She said: “The comedy is set in a charity shop in Scotland, and it has a lot to say about finding love in later life. Susan is left on the shelf as her 50th birthday looms. She works as a volunteer and has to deal with her old dad, her adolescent daughter and an ex who still has the capacity to wound.”

The players are based in Royal Wootton Bassett and began performing in 1969. They aim to produce three full length plays a year and compete in the one act play festival, rehearsing every week in the Memorial Hall.

Whole Hog Theatre Company with Wet Work and Funny Ha Ha!

Last year’s winners of the festival are coming back with two strong contenders to compete in the drama festival.

Matthew Clift directs both plays, and co-wrote the comedy drama Funny Ha Ha! with Becky Cann.

He said: “It attempts to see the tears behind the make-up of two circus clowns, down on their luck and their lives, as they contemplate ending it all and visiting The Big Top in the sky.”

Becky stars in her play alongside Darren Little, who is the writer of the theatre company’s second offering, Wet Work - a black comedy about two hit men who are waiting for their next assignment when all hell breaks loose.

Wet Work is performed on the first day of the festival on Thursday, April 11, and Funny Ha Ha! closes the festival on Saturday, April 13.

New College with Strings This collaborative piece of theatre is again directed by Matthew Clift. It was written and devised by the A-Level drama students at New College.

Matthew said: “Using a quote from controversial stand up comedian Bill Hicks as a stimulus, this is an experimental performance with a post-modernist structure, combining a mixture of theatrical styles to create a visionary masterpiece...or maybe just a giant puppet-show?”

Last year the New College students’ entry was Capti-Gaeth, which was nominated in the best play category. The actors will be treading the boards with Strings on Friday, April 12.

Pewsey Vale Amateur Dramatic Society with Towpath and Blood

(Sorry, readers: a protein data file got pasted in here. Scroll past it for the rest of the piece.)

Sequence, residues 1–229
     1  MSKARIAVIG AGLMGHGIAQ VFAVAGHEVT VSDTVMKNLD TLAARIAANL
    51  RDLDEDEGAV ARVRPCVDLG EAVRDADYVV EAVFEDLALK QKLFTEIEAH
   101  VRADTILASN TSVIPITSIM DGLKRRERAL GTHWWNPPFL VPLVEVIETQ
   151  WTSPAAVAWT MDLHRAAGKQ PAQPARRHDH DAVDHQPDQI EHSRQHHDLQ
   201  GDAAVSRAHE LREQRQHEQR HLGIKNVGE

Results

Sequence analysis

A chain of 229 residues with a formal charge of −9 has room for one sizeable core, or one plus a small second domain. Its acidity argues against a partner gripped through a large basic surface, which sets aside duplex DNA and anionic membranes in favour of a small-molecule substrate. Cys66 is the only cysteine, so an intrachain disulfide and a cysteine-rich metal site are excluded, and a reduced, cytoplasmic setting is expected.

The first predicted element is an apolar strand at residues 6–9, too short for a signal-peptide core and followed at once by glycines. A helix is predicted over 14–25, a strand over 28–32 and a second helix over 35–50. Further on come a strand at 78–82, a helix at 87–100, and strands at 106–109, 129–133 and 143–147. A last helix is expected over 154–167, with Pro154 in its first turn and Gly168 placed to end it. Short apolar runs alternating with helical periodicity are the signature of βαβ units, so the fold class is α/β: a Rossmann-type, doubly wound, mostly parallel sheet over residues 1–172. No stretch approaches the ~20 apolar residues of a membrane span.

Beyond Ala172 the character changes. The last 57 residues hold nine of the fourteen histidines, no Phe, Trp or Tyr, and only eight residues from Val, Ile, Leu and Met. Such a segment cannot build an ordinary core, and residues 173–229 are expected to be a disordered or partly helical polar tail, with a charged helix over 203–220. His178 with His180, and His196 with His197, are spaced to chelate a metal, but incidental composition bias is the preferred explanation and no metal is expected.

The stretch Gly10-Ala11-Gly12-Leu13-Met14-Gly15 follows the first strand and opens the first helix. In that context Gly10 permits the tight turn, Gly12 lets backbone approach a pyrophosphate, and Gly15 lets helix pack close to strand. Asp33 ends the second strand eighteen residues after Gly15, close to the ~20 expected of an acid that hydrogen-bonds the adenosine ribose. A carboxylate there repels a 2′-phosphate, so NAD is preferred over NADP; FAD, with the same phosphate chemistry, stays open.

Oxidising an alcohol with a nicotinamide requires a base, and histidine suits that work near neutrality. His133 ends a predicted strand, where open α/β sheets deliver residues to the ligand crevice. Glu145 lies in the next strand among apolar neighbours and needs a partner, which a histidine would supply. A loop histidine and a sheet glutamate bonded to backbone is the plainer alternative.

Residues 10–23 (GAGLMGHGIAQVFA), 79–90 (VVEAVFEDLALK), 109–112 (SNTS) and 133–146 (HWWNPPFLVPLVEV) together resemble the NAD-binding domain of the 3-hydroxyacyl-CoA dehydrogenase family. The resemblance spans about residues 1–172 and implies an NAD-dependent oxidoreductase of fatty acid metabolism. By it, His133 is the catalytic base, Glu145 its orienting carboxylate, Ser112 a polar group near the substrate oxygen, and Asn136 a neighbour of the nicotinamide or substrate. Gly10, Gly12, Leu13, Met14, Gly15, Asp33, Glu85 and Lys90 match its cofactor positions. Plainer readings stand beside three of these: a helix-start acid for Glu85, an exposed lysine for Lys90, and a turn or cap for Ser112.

PVADS have two plays entered in this year’s festival. Towpath is the contribution from the adult group of the society and Blood is the offering from the youth section.

Towpath is a comedy directed by Martin Clifton, and is written by Robert Iles. PVADS began in 1926 and has been entering the festival for more than 10 years.

Martin said: “Towpath is about a homeless women, a deserted wife, a nervous bride and a lonely widow who meet on the canal bank and form an unlikely friendship. The all-women cast form a great vehicle for this comedy drama from a very new dramatist.”

The youngsters from PVADS are tackling Blood, which was written by their director Nettie Powell.

Nettie is a stalwart of the one act play festival and a firm believer in encouraging young people to take up drama, not only as recreation but to instil confidence and teach them how to work as a team.

Nettie said: “Blood is a quirky piece of theatre about an unusual subject – what do your blood cells go through when you live your life to the full? Inspiration for this piece came oddly from one of the youth members turning up to a Midsummer Night’s Dream rehearsal last October in a red Morph suit. This is not just a comedy though, in fact it’s a bit of an emotional rollercoaster.”

She says that many of the original youth members are now fully integrated members of PVADS, on the committee, running the technical teams and starring in all major productions including the recent The Darling Buds of May and Midsummer Night’s Dream.

Towpath opens this year’s festival on Thursday, April 11, and Blood is performed on Friday, April 12.

Swindon Act with Search Party

Swindon ACT is entering this year’s festival with Search Party, a drama directed by Aaron Parsons.

Swindon Act is an adult community theatre that provides drama classes for adults of all ages and abilities, in and around Swindon. It was founded in 2010 by Luke Marquez, a Swindon-based teacher and performer specialising in drama training for people aged 16 plus. In 2011 Luke was joined by Aaron, an experienced theatre practitioner and workshop leader.

The theatre group also offers one-to-one tuition and bespoke workshops for businesses, organisations and amateur theatre groups.

Aaron praises his actors for their hard work in rehearsing for the festival. He said: ‘’It is getting all very exciting as the pieces slot into place.” Search Party will be on stage at the festival on Thursday, April 11.